Trump, speaking at a virtual “town hall” televised by Fox News on May 3, lamented his revised expected death count.
“We’re going to lose anywhere from 75, 80, to 100,000 people,” he said. “That’s a horrible thing. We shouldn’t lose one person over this.”
The numbers are an upward revision from earlier estimates.
“I used to say 65,000,” Trump said, adding that the death toll would be much higher if not for the mitigation and containment measures adopted by his administration.
“If we didn’t do it, the minimum we would have lost is a million-two, a million-four, a million-five, that’s the minimum. We would have lost probably higher than—it’s possible higher than 2.2” million, he said.
Commenting on COVID-19 containment strategies, Dr. Anthony Fauci, a top infectious disease expert and member of the White House coronavirus task force, told a press briefing on April 22 that the administration’s “successful formula” had flattened the pandemic curve somewhat.
“We were starting to see some turnaround, some flattening, and some coming down,” Fauci said of infection and death counts nationwide.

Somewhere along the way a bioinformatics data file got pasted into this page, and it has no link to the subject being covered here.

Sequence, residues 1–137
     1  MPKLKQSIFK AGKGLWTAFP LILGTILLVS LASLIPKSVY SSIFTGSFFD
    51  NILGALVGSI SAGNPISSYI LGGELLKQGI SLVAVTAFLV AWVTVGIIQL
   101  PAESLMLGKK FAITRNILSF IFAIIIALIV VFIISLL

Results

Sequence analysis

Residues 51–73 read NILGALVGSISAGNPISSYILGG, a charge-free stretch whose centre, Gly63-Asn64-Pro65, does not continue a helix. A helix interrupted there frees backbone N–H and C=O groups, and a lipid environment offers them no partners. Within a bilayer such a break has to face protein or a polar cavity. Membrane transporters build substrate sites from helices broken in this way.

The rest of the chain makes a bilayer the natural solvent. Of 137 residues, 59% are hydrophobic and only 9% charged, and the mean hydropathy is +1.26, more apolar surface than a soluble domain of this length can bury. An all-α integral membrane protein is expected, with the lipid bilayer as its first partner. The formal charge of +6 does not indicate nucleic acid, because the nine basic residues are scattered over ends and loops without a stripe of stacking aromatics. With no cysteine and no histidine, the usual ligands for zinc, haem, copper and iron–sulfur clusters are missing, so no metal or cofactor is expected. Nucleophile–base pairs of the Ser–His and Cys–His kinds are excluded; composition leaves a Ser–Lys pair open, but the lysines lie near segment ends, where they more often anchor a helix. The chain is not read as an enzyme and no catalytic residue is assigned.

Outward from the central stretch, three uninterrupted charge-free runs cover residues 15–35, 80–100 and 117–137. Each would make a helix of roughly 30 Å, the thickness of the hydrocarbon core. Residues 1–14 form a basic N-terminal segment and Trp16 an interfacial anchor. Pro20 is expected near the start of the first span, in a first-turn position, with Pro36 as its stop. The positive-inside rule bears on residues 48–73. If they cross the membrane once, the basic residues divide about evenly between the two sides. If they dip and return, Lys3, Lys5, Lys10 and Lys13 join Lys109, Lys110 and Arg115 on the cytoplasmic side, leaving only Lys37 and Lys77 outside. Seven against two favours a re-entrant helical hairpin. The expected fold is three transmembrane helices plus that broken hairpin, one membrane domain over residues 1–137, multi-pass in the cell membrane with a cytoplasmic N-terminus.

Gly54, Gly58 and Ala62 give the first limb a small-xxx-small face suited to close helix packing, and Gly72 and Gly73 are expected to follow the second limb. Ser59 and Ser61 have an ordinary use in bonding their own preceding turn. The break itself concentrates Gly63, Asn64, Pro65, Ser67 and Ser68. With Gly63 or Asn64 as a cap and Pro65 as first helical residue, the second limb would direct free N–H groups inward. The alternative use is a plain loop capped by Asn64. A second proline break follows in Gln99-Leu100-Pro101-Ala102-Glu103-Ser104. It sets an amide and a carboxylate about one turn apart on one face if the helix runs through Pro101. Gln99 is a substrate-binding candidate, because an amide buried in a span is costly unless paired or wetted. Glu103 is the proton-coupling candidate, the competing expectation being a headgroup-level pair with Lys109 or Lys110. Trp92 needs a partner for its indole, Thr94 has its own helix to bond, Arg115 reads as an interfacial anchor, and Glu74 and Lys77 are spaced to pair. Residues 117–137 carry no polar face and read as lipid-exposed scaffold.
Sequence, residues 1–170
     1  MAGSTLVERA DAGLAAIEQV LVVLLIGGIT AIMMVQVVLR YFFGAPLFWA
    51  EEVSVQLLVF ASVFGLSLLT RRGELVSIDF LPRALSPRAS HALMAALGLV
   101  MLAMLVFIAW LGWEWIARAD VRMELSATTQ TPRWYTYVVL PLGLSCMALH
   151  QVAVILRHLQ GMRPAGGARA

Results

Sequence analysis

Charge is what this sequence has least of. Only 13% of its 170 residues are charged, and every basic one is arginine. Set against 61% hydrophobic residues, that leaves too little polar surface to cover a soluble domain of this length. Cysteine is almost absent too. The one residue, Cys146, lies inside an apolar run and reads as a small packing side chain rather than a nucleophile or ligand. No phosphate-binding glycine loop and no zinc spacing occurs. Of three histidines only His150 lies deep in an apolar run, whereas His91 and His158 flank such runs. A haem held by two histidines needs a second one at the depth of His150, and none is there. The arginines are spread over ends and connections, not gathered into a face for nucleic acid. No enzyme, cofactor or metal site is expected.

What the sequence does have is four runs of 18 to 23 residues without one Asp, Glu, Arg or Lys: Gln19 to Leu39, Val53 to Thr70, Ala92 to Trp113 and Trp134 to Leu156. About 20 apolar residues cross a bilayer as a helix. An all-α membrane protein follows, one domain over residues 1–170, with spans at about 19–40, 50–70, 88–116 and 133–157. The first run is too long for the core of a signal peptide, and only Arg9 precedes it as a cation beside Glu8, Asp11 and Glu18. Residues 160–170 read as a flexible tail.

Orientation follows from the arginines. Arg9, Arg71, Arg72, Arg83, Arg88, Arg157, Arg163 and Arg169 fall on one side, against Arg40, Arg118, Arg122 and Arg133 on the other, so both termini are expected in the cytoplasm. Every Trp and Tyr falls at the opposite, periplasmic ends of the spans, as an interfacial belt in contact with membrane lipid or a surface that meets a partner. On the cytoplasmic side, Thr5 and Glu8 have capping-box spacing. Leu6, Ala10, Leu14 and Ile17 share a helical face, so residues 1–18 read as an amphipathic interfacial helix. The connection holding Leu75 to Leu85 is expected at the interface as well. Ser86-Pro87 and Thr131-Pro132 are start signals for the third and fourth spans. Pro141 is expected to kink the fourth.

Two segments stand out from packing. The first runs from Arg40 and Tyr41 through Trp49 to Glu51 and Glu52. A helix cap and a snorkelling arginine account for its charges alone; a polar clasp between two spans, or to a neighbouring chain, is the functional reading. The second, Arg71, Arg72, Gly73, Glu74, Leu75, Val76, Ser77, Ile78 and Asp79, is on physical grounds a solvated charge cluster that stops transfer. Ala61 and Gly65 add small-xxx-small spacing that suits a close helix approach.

“So what has happened is that the mitigation that we put in with the first 15 days and then the 30-day mitigation program of physical distancing worked,” he said. “So it got us to where we are today. It is a successful formula. It is the basis for our being able to say that we can now think seriously about reopening America.”
While highlighting that the economic restart of the nation would need to be done safely, Trump struck a note of urgency at the town hall on May 3. “We have to open our country,” he said.
“We have to get it back open safely, but as quickly as possible.”
Trump also took questions from viewers, including one who asked what he tells his children and grandchildren about COVID-19.
He said he tells them, “A terrible thing has happened. … Something has happened, but we’re going to be strong, and we’re going to get out of it, and our country is going to be bigger and better and stronger than ever before.”